The Senate also passed House Bill 859, which would allow a licensed conceal carry permit holder to possess a firearm on public college and university campuses. The goal of HB 859 is to repeal a restriction the state of Georgia previously placed on the 2nd amendment rights of law abiding Georgians. The narrowly drawn measure does not allow a concealed carry permit holder to possess a gun in a dormitory, sporting event and a fraternity or sorority house. To obtain a conceal carry permit in Georgia, someone must be 21 years old and pass a criminal background check.
It is still a felony in Georgia to carry a firearm without a conceal carry permit. It is still a crime in Georgia to openly carry on college campuses. Gun restrictions do not stop criminals. HB 859 returns the right to carry on campus to a Georgian who is legally allowed to carry.
A news story that is making the rounds this week has brought Sumter County into the national spotlight. Based on a report produced by findthehome.com using voluntarily reported crime statistics for 2014, it claims that Sumter County has that highest raise of burglaries per 100,000 residents. The FBI defines burglary as the unlawful entry of a structure to commit a felony or theft. To classify an offense as a burglary, the use of force to gain entry need not have occurred.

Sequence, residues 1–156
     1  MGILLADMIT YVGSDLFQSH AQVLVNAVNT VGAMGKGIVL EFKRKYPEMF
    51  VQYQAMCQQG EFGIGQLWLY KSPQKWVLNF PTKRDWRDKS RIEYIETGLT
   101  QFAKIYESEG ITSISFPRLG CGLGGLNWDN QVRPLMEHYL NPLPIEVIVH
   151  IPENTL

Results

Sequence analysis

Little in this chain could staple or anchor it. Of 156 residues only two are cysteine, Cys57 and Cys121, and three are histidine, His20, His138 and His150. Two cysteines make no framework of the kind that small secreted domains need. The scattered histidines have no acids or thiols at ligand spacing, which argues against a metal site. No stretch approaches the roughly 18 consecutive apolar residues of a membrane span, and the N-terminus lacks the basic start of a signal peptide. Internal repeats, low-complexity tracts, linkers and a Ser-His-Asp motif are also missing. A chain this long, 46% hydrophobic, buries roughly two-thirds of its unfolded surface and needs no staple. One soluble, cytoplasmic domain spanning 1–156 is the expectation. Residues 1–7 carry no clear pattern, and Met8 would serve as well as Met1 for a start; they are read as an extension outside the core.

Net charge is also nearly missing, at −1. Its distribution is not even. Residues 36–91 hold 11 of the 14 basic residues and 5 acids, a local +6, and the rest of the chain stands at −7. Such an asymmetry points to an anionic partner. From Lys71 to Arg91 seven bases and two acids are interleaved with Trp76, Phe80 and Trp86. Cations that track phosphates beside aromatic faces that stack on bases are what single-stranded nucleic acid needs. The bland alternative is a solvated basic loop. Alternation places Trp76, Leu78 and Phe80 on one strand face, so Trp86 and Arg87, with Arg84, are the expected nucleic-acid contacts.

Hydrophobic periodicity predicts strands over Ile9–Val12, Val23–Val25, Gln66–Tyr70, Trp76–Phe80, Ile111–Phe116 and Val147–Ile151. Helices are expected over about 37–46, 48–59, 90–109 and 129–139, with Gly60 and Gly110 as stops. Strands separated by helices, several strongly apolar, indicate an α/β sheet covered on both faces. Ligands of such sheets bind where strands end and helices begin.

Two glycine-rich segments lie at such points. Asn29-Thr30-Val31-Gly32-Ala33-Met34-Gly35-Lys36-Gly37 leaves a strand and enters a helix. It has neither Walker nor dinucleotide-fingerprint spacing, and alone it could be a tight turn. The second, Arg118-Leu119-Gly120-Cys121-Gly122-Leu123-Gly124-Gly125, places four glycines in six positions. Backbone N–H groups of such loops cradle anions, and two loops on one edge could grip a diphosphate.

In March 2014, Sumter Country Sherriff Pete Smith told reporters that economic desperation was the biggest motivator in the wave of break-ins. I have to agree with his assessment of the situation. Economic opportunity and growth is the best deterrent for reducing crime in Sumter County.
The Senate will convene for Legislative Days 36, 37 and 38 next week. All bills looking to pass this Senate before Sine Die will have to be reported out of Senate committees by the end of next week. There are a number of important issues and pieces of legislation still pending before the General Assembly. Please let me know if you have concerns or comments about these bills. It is my honor to represent Georgia’s 13th Senate District at the Capitol.
Sen. Greg Kirk represents the 13th Senate District which includes Crisp, Dodge, Dooly, Lee, Tift, Turner, and Worth counties and portions of Sumter and Wilcox counties. He can be reached by phone at 404-463-5258 or email at firstname.lastname@example.org